Quite possibly an acquired taste for many U.S. viewers, but I love this sort of thing. This is a 1985 Granada TV documentary on the Manchester Ship Canal. By the time the film was made, the canal was long past its working heyday of the 1950s and '60s, when Manchester was one of the biggest ports in the nation. Any notions of decline and layoffs seemed a "mythical threat" when business boomed, but just like in the States, the rise of containers meant layoffs for workers, and in Manchester, bigger ships meant less and less traffic on the canal's upper reaches. And industry decamped overseas. By the 80's, many of the mills and other factories in the area were closing, and small craft like working barges had almost disappeared. The Port of Manchester closed in 1982, but more recently the newer, neighboring Port Salford, also on the canal, has developed expansion plans, and hopes to re-invigorate canal traffic.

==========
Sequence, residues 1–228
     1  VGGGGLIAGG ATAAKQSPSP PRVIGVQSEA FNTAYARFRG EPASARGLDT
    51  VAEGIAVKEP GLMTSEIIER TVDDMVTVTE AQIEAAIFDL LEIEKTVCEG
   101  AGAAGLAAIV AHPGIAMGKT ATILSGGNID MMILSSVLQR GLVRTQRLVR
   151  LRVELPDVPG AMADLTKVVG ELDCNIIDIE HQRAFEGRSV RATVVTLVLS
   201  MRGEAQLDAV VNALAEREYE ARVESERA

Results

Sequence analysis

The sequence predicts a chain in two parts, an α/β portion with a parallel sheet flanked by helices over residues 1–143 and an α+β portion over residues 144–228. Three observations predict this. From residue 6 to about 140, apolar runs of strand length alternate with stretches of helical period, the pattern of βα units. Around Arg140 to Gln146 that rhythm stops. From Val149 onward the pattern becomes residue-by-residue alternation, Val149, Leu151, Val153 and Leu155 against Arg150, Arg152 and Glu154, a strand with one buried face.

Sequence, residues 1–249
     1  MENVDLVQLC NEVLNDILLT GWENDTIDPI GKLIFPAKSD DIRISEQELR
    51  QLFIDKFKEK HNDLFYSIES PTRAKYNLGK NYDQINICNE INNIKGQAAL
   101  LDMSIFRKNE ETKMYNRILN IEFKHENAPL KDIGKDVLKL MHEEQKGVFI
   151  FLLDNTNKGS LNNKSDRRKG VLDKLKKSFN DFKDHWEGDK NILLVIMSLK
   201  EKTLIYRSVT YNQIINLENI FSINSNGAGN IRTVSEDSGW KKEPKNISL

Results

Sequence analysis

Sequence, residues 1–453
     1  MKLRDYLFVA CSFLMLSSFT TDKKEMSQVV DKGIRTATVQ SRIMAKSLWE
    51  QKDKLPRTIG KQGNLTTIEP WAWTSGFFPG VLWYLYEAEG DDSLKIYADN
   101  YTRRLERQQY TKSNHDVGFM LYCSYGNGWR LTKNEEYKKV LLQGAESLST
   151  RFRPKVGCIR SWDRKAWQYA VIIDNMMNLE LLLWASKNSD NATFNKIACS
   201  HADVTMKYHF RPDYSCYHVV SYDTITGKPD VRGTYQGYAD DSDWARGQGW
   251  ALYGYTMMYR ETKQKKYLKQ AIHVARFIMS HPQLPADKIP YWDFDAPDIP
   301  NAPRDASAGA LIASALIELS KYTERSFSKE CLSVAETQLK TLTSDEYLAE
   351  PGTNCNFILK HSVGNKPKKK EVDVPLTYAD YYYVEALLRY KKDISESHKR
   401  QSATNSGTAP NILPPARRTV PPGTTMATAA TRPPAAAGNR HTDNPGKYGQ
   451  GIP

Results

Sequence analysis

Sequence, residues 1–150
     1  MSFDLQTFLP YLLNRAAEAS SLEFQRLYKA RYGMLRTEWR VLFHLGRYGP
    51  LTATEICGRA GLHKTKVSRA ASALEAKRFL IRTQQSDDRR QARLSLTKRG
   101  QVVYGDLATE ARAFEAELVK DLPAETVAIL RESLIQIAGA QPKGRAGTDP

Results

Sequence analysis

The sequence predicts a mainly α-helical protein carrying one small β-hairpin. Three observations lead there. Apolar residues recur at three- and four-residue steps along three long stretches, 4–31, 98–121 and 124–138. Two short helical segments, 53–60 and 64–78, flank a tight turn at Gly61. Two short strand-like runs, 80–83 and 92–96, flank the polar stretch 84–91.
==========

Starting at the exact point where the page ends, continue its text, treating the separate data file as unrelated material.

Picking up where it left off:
The film is rich in the recollections of workers, many of whom represent the last generation of boatmen and dockers working the canal. A couple of men describe the traffic of waste - "it might be shit to you, but it's bread-and-butter to me" - and despite the nature of the cargo, talk of Chocolate Boats kept remarkably clean. Over pints in the social, retirees assert Mancunian pride, comparing their own hard work to the "come-easy, go-easy" ways of the Liverpudlians. They also recall a time when workers were known not by their given names but by their nicknames: Jukebox Joe, Hell's Bells, Overcoat Billy & Barm Cake Arthur. One inseparable pair, never one seen without the other, was Love & Marriage.
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